What it means to be faculty – a personal interpretation

Below is my personal attempt to describe what it means to be a faculty member/teacher. Since it’s a personal reflection, I wouldn’t expect it to align perfectly with anyone else’s views.  It’s likely that my own views may change over time as I gain new insights and experiences in teaching.  At any rate, I thought I’d share it in this forum.

I believe that higher education is a public good.  The decision to become a faculty member is tantamount to entering into a trust.  In this case, faculty are entrusted with the care and holding of the students’ academic development. As such, they are vested with specific duties and responsibilities to both exercise and protect this development for the benefit of both the student and the public.  In my mind, teaching and mentoring are inextricably linked to being a faculty member.  The term ‘care and holding of the students’ academic development’ encompasses and imparts not only knowledge, skill, critical thinking, and problem solving, but also the ability to translate these elements into practice within a societal context.  The faculty member not only provides academic information, but also demonstrates how to apply and use this information for the benefit of the public good.

Whether teaching occurs at a public or privately funded institution, the decision to become a faculty member is coupled with a commitment to the following:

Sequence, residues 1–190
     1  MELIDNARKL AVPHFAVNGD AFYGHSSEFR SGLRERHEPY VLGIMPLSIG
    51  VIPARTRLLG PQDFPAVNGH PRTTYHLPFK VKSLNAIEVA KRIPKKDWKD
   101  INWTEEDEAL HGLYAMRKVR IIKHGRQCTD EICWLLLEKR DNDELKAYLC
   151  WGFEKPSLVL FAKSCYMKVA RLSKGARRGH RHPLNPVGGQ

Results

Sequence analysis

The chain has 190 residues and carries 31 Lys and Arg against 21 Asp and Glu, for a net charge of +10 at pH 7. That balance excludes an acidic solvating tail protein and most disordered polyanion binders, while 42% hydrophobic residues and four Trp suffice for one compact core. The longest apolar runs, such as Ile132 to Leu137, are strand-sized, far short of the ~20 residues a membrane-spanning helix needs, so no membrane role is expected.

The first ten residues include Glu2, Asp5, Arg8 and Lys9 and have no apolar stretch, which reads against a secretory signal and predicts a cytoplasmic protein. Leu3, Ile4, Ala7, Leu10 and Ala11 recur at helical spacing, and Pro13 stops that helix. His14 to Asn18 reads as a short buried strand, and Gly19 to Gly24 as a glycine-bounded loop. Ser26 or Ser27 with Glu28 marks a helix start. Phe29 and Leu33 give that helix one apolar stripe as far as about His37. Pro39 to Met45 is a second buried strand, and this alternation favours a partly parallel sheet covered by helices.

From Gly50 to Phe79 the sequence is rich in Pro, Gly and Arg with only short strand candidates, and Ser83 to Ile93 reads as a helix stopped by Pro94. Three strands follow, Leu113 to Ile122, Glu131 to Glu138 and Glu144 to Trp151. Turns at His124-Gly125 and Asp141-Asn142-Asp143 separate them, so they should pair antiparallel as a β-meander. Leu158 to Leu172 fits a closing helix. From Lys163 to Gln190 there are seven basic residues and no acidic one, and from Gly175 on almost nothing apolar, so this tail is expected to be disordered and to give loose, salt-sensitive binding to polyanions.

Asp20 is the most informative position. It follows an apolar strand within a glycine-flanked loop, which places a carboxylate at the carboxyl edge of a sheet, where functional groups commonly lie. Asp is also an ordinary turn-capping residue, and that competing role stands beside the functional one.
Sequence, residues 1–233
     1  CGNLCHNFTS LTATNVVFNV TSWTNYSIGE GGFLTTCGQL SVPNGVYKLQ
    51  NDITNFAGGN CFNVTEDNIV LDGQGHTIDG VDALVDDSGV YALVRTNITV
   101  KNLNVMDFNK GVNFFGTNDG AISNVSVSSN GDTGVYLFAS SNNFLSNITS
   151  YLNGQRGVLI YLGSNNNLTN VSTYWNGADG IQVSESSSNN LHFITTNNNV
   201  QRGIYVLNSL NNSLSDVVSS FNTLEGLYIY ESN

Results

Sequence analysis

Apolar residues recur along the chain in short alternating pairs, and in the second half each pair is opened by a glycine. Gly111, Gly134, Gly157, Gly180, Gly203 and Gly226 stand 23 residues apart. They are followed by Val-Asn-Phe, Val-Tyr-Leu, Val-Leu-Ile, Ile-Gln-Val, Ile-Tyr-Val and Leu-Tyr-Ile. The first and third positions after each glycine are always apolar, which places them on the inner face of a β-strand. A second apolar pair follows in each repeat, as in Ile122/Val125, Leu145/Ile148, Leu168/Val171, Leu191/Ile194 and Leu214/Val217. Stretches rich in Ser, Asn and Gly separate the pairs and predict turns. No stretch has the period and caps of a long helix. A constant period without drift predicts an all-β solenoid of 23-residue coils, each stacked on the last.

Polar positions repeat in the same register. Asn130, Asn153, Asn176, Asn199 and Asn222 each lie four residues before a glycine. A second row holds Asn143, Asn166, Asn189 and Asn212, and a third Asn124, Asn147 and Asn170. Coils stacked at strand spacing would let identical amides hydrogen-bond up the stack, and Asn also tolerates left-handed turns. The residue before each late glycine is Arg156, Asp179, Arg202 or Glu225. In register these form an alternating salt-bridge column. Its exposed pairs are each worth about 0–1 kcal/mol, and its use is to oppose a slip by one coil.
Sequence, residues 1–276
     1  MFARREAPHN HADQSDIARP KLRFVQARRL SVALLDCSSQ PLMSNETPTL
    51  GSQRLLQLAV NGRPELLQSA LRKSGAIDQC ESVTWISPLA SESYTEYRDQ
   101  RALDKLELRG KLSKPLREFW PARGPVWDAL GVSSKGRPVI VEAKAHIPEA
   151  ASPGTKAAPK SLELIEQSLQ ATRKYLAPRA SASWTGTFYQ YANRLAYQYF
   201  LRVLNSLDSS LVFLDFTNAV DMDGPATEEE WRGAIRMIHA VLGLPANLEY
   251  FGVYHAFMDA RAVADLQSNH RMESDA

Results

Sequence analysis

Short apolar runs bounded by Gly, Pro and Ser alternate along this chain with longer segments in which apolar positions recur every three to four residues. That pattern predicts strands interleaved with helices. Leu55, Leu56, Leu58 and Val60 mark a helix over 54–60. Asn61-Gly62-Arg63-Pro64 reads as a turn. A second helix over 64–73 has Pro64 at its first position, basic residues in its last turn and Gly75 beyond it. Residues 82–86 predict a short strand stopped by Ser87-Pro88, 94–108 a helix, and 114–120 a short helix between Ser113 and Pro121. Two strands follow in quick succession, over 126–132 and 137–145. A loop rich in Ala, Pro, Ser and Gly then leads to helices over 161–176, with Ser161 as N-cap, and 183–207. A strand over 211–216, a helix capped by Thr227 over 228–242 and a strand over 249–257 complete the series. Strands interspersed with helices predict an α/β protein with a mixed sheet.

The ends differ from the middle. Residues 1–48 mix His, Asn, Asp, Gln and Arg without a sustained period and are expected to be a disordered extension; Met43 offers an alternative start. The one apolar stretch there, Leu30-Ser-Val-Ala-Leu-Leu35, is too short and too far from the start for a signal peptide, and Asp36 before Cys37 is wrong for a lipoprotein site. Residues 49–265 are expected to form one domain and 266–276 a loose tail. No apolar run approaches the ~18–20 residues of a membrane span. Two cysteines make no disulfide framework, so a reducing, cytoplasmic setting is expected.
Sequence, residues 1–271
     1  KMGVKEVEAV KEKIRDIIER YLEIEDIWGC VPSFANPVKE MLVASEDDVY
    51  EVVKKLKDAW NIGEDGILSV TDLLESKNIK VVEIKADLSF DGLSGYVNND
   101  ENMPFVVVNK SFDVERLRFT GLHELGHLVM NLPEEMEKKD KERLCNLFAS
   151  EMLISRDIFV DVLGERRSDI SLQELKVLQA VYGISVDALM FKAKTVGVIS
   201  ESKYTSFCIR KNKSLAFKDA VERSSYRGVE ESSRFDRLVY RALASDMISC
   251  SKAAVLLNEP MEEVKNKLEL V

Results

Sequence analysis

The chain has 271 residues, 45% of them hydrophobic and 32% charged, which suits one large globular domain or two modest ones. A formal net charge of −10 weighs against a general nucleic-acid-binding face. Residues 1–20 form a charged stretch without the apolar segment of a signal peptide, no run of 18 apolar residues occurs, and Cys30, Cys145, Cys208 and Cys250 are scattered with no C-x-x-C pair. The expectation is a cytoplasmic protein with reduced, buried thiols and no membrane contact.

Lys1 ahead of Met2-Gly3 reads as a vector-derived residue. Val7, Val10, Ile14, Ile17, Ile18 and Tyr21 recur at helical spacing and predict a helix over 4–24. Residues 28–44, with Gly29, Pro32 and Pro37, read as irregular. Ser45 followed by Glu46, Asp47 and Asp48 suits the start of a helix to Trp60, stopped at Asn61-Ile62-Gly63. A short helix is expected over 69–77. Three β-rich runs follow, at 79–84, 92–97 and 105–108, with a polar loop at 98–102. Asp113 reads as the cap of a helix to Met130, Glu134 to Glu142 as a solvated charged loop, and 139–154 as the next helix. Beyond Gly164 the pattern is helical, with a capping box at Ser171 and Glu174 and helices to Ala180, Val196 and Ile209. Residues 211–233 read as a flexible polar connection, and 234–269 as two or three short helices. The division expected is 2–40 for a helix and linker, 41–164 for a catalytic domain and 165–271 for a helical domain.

• Continuous demonstration of professional conduct and demeanor;
  • Unwavering integrity and pursuit of ethical standards;
  • Loyalty in all aspects of conduct toward the student, colleagues, and the institution;
  • Consistent excellence in communication and the ability to both lead and facilitate in the classroom;
  • Mentoring and guiding students with honesty and candor;
  • Maintaining expertise in the academic and professional field;
  • Remaining current and relevant in teaching methods, techniques, tools, and applications;
  • Displaying passion, enthusiasm, curiosity, and determination to effectively apply the art of teaching to all students.

In every way, the faculty member serves as a model for the student.  While some institutions may place more or less weight on the individual components of teaching, service, and research, I believe that teaching and service are far more profound than research.  I do not discount the importance of research, but I believe that all faculty members should possess the ability and desire to interact with students.  The ability and desire to teach, when coupled with a true willingness and commitment to serve, create a rare combination that is, at least in my mind, essential to being a faculty member.  Those who do not have the ability and desire to teach, and who cannot truly internalize the commitment to serve, have no place in a classroom or as members of a faculty.  I believe that institutions of higher education serve as the guardians and garantors for society’s future.  It’s a huge responsibility and a great honor.  Being a faculty member means living up to that responsibility and being worthy of the honor.

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